Animal Welfare Professionals

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  • 1.  Hyperarousal in Dogs

    Posted 04-16-2024 02:26 PM

      

    If you work or volunteer for a shelter or rescue, you probably have a dog or several dogs who are excitable.  Many of these dogs just need a little training.  A lot less commonly,  a dog might be experiencing hyperarousal. They get super excited and have difficulty calming down or regulating their emotions.  

    On March 25 at noon PT/3 pm ET,  join Maddie's Monthly Behavior Connection where we'll hear from veterinary behaviorist @Dr Jill Sackman   about Assessment and Treatment of Hyperarousal Behaviors in Dogs. 

    Register for the session and join Maddie's Monthly Behavior Connection public group so that you can receive notifications about upcoming webcasts and participate in discussions after the webcast. 

    Session Description: 

    Hyperarousal behaviors are common in dogs and are often not correctly identified in the non-clinical behavior setting. Dogs with hyperarousal behaviors can be dangerous, resulting in bruising and bites to family from jumping and grabbing. Injury is often serious enough that many dogs are relinquished. Effective assessment and treatment can result in a majority of dogs being able to stay safely in their adopted home.  This talk will review what is currently known about hyperarousal/ hypersensitivity syndrome in dogs and report on a treatment approach used by the author that has led to significant improvement in behaviors and most of the dogs being able to stay safely in their adopted homes. 

    About our Speaker: 

    Dr Sackman is a Diplomate of both the American College of Veterinary Behaviorists and the American College of Veterinary Surgeons. She is a graduate of Michigan State University CVM. She completed her internship at the University of Pennsylvania, her surgery residency at the University of Tennessee, and her behavior residency at Blue Pearl in Michigan. She is the owner and founding veterinarian of Animal Behavior Consultants of Michigan, a referral veterinary behavior practice with offices in metro-Detroit, Grand Rapids, and Traverse City, Michigan. Dr. Sackman is Fear Free certified and sees dogs, cats and horses with behavior disorders that range from mild fears to extreme aggression, compulsive disorders and panic disorders. Dr. Sackman is also a certified professional trainer through the Karen Pryor Academy, earning her KPA-CTP with her French Bulldog, Rose.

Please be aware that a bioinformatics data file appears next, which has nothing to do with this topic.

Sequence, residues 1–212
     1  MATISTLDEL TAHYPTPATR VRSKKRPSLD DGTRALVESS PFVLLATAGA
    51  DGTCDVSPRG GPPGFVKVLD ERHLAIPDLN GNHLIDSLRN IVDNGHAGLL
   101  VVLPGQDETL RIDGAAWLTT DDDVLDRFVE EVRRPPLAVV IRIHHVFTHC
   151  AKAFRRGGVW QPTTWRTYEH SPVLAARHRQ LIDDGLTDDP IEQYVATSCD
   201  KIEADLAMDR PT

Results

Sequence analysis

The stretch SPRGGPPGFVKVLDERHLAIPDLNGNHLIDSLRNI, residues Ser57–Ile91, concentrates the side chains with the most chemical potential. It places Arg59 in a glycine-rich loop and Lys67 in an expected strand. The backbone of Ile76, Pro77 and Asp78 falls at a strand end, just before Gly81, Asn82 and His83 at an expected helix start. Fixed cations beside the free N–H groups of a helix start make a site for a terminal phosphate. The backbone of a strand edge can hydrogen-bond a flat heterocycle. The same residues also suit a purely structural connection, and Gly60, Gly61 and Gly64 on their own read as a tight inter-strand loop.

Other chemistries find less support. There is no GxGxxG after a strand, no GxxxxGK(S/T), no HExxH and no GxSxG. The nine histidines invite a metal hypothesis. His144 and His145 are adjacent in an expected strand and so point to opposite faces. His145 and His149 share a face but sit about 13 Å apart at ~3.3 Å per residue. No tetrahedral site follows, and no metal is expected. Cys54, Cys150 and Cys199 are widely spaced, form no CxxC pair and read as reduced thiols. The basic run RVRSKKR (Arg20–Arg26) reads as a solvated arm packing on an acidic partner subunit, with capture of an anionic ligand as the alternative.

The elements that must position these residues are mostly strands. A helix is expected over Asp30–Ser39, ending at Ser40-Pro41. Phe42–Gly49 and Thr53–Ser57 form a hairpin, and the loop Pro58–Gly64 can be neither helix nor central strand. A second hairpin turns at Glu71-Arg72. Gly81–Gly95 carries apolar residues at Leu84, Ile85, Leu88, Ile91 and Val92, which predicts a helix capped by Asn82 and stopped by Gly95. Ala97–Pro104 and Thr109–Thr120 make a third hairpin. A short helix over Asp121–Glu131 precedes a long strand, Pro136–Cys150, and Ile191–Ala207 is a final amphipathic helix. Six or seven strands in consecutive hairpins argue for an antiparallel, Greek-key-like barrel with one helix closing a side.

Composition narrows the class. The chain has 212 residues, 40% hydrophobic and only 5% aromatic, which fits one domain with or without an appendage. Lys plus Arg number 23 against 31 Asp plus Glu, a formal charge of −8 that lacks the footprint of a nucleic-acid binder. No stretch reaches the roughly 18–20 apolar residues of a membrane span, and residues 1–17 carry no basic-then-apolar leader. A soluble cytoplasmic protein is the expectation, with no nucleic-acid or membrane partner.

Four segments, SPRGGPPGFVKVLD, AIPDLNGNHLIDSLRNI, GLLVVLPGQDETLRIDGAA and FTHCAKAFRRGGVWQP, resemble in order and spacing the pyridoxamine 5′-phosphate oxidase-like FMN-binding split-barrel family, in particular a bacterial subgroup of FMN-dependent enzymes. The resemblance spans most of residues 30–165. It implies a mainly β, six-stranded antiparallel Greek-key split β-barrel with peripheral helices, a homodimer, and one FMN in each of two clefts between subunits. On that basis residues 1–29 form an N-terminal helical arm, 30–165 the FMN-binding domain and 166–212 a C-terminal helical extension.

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    Sheila Segurson, DVM, DACVB
    Board Certified Veterinary Behaviorist
    Director of Community Solutions
    Maddie's Fund
    Pleasanton CA
    9258608284
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  • 2.  RE: Hyperarousal in Dogs

    Posted 04-17-2024 07:23 AM

    This is a topic dear to my heart as I've fostered 2 hyperaroused dogs (one was finger painting too) on the beh euth list who, of course, were lovely, adoptable dogs once in a different environment. I would welcome info that addressed what shelter volunteers and staff can do to find the inner best dog, and the skills fosters should add at home. 



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    Augusta Farley
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  • 3.  RE: Hyperarousal in Dogs

    Posted 30 days ago

    Excellent information in this talk.  I do believe this is something we are seeing more often.  In hearing Dr Sackman mention that it is often seen around 6 months, I wonder if some dogs who have been sheltered for longer periods begin to experience neurological changes that may lead to later diagnosis.  (Thinking of dogs who begin to exhibit stereotypical behaviors) and if similar pharmacological treatments and early intervention might be helpful.

    Thank you for presenting on such an important topic.



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    Kym Iffert
    Consultant
    Dog Whys, LLC
    TN
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  • 4.  RE: Hyperarousal in Dogs

    Posted 26 days ago

    Hi Kym,

    I suspect that sheltering for longer periods of time does indeed lead to neurologic changes- certainly maladaptive behaviors.  I think of the genetics/ genes as the template upon which the environment and experiences work on  - some dogs probably handle the anxiety and emotional trauma and others are more vulnerable to the negative effects of experiences. I am entirely supportive of pharmaceutical intervention in young dogs - if we can help promote early more positive behaviors - it is in the best welfare of the dog.  



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    Dr Jill Sackman
    board certified veterinary behaviorist
    Animal Behavior Consultants of Michigan
    MI
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